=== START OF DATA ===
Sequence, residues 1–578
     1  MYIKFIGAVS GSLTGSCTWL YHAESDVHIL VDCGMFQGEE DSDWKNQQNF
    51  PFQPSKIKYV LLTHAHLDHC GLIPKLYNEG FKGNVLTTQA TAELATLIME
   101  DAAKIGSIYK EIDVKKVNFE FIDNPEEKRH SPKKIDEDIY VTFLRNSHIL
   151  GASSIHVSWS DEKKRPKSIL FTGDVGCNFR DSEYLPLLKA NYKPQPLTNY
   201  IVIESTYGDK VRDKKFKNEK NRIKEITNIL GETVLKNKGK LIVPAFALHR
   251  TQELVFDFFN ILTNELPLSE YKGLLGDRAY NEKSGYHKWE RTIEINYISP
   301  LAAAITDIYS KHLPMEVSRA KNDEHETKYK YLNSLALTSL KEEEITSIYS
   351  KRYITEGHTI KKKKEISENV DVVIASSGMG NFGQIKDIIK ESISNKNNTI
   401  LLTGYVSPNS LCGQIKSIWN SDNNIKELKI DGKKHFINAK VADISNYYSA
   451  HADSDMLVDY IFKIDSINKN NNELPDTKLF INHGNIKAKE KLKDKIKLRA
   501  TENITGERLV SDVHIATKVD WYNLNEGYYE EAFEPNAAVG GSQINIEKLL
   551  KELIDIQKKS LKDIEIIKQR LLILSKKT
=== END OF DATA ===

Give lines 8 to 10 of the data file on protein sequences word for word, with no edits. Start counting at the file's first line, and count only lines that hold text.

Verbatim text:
   301  LAAAITDIYS KHLPMEVSRA KNDEHETKYK YLNSLALTSL KEEEITSIYS
   351  KRYITEGHTI KKKKEISENV DVVIASSGMG NFGQIKDIIK ESISNKNNTI
   401  LLTGYVSPNS LCGQIKSIWN SDNNIKELKI DGKKHFINAK VADISNYYSA